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“Shape memory” material provides a solution for the HL-LHC

A new connection device for vacuum chambers based on Shape Memory Alloy (SMA) rings has been developed for the High-Luminosity LHC (HL-LHC)

“Shape memory” material provides a solution for the HL-LHC

Proof of concept of a SMA connector for Ultra High Vacuum (UHV) chambers. (Picture: Fabrizio Niccoli)

A collaboration between CERN and the University of Calabria is developing a new connection device for vacuum chambers based on Shape Memory Alloy (SMA) rings, for future use in the High-Luminosity LHC (HL-LHC). The unique characteristics of these materials, able to memorise different shapes at high and low temperatures, are being exploited to create a high-tech solution for sealing the vacuum chambers of the upgraded accelerator.

In particle accelerators, beams circulate inside vacuum chambers connected by flanges - complex engineering components which ensure the integrity of the vacuum system. Currently, there are two types of flanges used in the LHC: standard “ConFlat” flanges, which are bolted together; and the quick conical connection flanges used on radioactive components (for example collimators), which need large and heavy chain clamps. Clamping or unclamping a flange is time-consuming and can result in a larger radiation dose to personnel in a radioactive environments. “A light compact flange that is easier to install and remove, possibly remotely, and that minimises the time of any intervention was what we were really looking for,” explains Paolo Chiggiato, Head of the Vacuum, Surfaces and Coatings (VSC) group. And the answer was SMAs.

In grey: the vacuum chambers. In blue: the SMA ring in its martensitic enlarged shape (see box). In red: the SMA ring in its austenitic contracted shape (see box). (Image: Fabrizio Niccoli)

“The shape memory effect is the ability of an SMA to ‘remember’ its original shape upon heating,” says Cédric Garion, a member of the VSC group. “This is possible under certain thermo-mechanical conditions, where particular microscopic crystallographic configurations occur (see box). At CERN, we are particularly interested in NiTi (Nickel-Titanium)-based alloys, which present very promising shape recovery capabilities.” Currently under development by CERN in collaboration with the Department of Mechanical, Energy and Management Engineering (DIMEG) of the University of Calabria (Italy), a NiTi-based connection device could provide a smart solution for easy installation and disconnection. SMA rings can have two sizes: a smaller, contracted version when heated, and a larger one when cooled down. “After certain thermo-mechanical treatments, when heated up, the SMA rings currently being studied (about 45 mm internal diameter and 8 mm thickness) contract, with a diameter variation of several millimeters!” explains Fabrizio Niccoli, of the University of Calabria, who is currently doing his PhD on this topic. “They could easily be installed at room temperature around the extremities of the chamber when they are slightly larger, and then heated up to get the contracted shape, clamping the vacuum chambers and assuring vacuum leak tightness. Tests at CERN have shown that a reproducible tightness below 10-10 mbar.l.s-1 is achieved. The SMA ring is removed by cooling it below room temperature, re-inducing its enlarged configuration so that it becomes loose enough to allow the technicians to open the pipes easily.”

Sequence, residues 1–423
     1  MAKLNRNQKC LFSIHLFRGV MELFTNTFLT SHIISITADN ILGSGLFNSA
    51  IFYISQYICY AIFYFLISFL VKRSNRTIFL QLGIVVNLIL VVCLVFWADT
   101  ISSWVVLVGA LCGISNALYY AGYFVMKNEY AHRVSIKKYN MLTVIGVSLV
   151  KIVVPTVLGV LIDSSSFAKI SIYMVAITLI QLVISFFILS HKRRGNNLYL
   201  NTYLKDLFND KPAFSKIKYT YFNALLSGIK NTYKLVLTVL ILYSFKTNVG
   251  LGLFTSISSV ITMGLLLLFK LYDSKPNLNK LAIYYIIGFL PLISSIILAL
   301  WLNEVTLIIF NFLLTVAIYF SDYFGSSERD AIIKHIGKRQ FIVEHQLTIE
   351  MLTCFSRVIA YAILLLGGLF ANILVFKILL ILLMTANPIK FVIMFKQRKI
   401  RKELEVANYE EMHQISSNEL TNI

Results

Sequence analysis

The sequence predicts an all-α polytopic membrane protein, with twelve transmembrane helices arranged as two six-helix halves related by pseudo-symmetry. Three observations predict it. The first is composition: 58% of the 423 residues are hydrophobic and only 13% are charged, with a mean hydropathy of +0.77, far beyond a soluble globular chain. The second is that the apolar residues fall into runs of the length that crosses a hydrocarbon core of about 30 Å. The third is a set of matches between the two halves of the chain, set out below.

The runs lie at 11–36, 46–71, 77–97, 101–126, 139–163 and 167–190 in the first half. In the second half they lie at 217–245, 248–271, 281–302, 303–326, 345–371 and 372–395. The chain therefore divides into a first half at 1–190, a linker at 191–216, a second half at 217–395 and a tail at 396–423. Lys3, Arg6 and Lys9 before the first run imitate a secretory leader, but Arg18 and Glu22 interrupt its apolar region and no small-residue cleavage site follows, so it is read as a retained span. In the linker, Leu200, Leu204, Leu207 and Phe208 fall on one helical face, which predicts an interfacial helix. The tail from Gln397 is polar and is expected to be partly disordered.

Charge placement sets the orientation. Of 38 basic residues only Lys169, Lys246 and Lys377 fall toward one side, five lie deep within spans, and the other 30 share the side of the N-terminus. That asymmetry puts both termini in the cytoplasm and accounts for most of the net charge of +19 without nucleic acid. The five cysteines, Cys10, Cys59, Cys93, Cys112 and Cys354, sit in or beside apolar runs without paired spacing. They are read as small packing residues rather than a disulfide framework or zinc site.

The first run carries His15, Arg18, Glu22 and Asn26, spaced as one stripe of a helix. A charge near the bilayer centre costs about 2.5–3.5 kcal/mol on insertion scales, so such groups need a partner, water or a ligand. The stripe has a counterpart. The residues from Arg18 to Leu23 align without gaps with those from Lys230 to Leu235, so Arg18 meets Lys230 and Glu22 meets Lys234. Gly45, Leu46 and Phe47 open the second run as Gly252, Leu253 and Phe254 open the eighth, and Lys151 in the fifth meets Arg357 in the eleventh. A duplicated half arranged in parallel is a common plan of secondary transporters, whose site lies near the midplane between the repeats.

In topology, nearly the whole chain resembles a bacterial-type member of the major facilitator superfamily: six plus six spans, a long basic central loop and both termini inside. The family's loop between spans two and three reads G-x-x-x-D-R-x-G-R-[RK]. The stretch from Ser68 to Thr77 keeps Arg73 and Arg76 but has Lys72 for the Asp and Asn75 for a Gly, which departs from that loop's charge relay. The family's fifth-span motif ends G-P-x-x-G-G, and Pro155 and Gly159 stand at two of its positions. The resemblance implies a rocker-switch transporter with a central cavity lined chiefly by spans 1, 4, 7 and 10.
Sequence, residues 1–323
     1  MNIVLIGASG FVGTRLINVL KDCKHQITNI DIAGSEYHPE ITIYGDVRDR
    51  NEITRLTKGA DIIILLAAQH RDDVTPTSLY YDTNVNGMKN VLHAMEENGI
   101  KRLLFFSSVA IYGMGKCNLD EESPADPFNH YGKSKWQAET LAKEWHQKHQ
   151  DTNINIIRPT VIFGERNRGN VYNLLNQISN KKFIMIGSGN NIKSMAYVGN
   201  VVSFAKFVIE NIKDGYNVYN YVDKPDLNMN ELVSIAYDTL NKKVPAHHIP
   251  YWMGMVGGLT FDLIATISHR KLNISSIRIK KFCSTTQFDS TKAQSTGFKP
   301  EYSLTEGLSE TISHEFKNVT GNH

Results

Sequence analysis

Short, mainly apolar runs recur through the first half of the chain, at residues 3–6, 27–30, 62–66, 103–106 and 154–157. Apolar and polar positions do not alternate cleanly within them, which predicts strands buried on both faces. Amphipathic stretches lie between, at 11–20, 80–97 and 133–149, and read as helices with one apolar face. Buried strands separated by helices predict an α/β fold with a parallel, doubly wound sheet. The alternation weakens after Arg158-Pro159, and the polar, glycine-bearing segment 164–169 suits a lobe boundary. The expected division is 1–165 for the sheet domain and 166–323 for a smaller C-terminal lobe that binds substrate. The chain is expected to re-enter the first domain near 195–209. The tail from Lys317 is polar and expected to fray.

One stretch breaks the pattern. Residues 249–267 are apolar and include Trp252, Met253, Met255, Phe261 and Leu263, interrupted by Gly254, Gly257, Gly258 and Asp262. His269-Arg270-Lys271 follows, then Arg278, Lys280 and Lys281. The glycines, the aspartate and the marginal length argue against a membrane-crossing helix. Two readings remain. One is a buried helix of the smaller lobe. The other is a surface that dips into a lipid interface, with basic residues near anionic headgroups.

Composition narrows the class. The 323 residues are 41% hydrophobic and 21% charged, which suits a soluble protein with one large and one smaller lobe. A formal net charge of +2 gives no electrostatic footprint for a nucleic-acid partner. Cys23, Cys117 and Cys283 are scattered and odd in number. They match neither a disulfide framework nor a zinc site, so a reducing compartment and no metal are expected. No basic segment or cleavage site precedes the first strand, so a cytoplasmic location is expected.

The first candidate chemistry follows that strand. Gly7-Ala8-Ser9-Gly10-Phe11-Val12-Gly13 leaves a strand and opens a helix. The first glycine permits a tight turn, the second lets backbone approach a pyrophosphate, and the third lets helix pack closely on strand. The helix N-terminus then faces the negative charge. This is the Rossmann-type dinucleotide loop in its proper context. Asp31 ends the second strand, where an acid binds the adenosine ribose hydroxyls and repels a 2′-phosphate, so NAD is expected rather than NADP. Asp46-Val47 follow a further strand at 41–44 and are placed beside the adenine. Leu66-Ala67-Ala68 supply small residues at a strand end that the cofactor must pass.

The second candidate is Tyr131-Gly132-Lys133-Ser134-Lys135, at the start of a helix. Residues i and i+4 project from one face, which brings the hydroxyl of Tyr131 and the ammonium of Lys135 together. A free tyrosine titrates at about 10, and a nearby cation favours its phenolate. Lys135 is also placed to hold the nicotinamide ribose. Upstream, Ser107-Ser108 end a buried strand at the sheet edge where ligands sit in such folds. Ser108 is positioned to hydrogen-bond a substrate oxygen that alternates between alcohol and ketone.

This technology is being developed for the future HL-LHC, which will be operational in 2026. The luminosity of the HL-LHC will be a factor of 10 higher than that of the current LHC. The increased luminosity means that radioactivity will be higher at some points of the accelerator. The time spent in some parts of the tunnels will then need to be minimised as much as possible.

A change in crystallography

Left: the austenitic structure. Right: the martensitic structure. (Image: Fabrizio Niccoli)

Under certain thermo-mechanical conditions, SMAs take on particular microscopic crystallographic configurations known as the martensitic and austenitic phases. The presence of either phase depends mainly on the temperature and/or the stresses applied. The austenitic phase is stable at high temperatures and low applied stresses and is characterised by a body-centered cubic cell, while the martensitic phase is stable at low temperatures and high applied stresses and has a distorted monoclinic cell. 

The peculiar properties of SMAs are arousing great interest in both the biomedical and industrial sectors. SMAs are proving particularly useful for aerospace applications, which are often subject to high reliability and geometric space constraints. SMAs are being used for actuators, structural connectors, vibration dampers, seals and manipulators.